Thursday, June 21, 2012

You're So Sensitive!

so many feelings.

Have we met? If so, you might have said the above to me. It's highly likely. After all, I've been hearing this phrase my entire life, or some variation of it:

You're so sensitive!

Don't be so sensitive!

and my personal favorites: Get over it. Chill out.

Believe me guys, I'D LOVE TO.

I realized recently that while I do a lot of joking about feeling a lot of feelings,  I've never actually addressed the fact that I am oh so sensitive. 

The issue of sensitivity has plagued me forever. I kid you not when I say that one of my earliest memories involves being called out on it. The scenario: watching TV in the living room with my parents and brother. No idea what happened, but I remember getting upset about something my brother had said (thanks a LOT, Jay) and whining to my parents about it. I was immediately told not to be—you guessed it—so sensitive. (In response, I threw my beloved sheep blanket over my head and pouted.)

So it was with utter delight that this evening I opened my new issue of Women's Health and found an article that begins with: "Ever been told you're just 'too sensitive'?"


I like the article in particular because it addresses the bad and the good of being sensitive (yes, there are some good things about it!).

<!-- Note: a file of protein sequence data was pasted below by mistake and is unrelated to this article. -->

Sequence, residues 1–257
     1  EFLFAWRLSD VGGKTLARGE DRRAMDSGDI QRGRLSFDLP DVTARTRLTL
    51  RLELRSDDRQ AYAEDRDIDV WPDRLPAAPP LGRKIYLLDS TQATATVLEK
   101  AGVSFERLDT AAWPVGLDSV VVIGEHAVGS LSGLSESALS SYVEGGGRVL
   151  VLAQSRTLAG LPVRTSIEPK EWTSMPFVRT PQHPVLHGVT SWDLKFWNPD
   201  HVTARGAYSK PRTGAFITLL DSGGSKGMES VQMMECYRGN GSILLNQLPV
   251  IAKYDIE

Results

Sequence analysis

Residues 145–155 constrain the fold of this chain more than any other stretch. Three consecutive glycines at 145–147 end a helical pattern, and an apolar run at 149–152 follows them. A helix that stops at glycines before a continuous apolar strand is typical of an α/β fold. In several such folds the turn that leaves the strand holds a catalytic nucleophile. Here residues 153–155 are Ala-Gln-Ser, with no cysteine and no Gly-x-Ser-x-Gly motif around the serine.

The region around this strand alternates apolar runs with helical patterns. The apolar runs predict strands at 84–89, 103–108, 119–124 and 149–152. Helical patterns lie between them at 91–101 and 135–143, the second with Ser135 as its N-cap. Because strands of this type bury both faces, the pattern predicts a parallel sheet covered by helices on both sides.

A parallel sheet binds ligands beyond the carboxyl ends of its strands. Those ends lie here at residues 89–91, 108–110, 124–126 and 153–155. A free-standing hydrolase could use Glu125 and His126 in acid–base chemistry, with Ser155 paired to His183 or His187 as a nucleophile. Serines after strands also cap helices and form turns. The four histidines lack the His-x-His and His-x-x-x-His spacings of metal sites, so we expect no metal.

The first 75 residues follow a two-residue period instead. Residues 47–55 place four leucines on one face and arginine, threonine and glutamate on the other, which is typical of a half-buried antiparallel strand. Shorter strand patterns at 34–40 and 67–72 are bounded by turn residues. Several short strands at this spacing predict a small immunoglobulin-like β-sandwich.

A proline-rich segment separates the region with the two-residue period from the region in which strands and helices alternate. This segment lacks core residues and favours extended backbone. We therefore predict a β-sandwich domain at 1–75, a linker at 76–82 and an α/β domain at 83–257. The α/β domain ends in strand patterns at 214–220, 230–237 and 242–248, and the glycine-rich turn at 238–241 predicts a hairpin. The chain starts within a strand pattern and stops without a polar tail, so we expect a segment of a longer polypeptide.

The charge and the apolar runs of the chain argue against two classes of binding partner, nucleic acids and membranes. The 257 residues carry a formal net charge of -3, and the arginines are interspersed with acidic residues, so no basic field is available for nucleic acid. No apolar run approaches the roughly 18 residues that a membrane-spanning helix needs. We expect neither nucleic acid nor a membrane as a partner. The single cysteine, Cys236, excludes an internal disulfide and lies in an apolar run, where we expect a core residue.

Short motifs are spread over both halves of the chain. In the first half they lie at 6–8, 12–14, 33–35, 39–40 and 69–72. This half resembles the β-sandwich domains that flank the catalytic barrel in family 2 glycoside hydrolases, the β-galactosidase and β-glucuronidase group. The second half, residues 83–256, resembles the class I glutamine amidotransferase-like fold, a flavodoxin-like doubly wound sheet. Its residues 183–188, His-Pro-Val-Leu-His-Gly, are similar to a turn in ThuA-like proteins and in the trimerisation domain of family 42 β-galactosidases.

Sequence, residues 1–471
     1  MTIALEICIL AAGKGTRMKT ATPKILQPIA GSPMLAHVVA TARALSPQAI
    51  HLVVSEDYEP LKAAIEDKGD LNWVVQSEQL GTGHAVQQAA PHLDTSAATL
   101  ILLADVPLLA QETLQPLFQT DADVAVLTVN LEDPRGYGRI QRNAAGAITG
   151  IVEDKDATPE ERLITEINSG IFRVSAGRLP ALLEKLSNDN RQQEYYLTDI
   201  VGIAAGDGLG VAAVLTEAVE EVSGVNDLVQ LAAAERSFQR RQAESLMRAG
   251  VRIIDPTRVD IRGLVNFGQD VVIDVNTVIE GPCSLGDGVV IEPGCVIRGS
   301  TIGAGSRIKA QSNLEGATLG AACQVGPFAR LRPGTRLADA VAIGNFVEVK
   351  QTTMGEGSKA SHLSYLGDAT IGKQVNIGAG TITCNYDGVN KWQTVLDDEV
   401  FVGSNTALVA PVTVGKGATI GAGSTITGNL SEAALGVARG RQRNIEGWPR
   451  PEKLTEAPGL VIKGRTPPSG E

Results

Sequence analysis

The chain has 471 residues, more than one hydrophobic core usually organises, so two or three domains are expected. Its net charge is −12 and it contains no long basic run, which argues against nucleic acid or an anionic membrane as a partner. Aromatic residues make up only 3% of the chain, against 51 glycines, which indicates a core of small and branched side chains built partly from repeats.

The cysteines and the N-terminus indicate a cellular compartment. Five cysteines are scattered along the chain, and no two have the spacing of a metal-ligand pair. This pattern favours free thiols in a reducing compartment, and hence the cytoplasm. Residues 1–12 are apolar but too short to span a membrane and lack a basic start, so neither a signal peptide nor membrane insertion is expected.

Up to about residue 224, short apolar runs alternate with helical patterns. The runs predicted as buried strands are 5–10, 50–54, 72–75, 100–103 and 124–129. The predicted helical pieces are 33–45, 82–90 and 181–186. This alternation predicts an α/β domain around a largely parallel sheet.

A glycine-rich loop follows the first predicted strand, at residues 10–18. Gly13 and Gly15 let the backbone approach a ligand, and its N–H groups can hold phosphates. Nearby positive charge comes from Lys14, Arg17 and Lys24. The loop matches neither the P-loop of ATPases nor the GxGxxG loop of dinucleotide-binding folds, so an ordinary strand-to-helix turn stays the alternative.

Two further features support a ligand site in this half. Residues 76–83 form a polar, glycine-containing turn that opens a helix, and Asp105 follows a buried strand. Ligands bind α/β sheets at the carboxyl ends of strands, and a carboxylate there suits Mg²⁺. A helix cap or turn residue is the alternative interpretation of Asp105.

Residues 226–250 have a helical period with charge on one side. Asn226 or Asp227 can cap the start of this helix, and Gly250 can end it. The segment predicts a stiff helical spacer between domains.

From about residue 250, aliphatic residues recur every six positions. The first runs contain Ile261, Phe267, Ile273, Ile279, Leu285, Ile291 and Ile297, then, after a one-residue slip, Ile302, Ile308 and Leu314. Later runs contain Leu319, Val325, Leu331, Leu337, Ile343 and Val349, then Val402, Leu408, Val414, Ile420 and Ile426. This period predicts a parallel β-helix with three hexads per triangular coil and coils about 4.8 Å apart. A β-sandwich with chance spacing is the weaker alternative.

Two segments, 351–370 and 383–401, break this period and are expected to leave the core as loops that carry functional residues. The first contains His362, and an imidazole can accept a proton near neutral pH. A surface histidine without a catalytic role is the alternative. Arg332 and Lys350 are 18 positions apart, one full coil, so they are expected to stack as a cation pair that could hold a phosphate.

The good:
Emotions are also a good source of data, which means that sensitivity can make people more insightful and open-minded, says David Caruso, Ph.D., coauthor of The Emotionally Intelligent Manager. And those who carry the gene linked to sensitivity are better at making complex decisions, especially ones that could result in either big gains or losses.
Sensitive people could be more aware of and empathize better with other people's feelings, says Mary Rothbart, Ph.D., a distinguished professor emeritus of psychology at the University of Oregon. 
 I read that part and was like:

And then I got to the BAD.
Of course, you can't act on your sensitivity all the time. Getting wound up and crying at work, for example, can come across as manipulative, dramatic, or weak ... Sensitivity-spurred behavior can also be hard on relationships ... When sensitive people experience rejection, they can become super-solicitous, anxious, withdrawn, angry, or sad—to the point where they become annoying or even unbearable. As such, they tend to go through more frequent breakups.

Annoying or even unbearable? Moi? 

Alas, I agree with it all. But whatever. I'd rather feel a lot of things really intensely than feel nothing at all. Being emotional/sensitive is not the same as being weak. I really am a lot tougher than I look when I'm sobbing (or pouting underneath a blanket). I swear. Just ask me, and if you're lucky I'll get overly defensive and possibly sarcastic! Oh. Shit. (But the good news is, I'll never, ever get uncomfortable if you cry around me!)

I'm really not that unbearable. I promise.

And you guys? For fuck's sake, quit telling me I'm so sensitive.

I know. 

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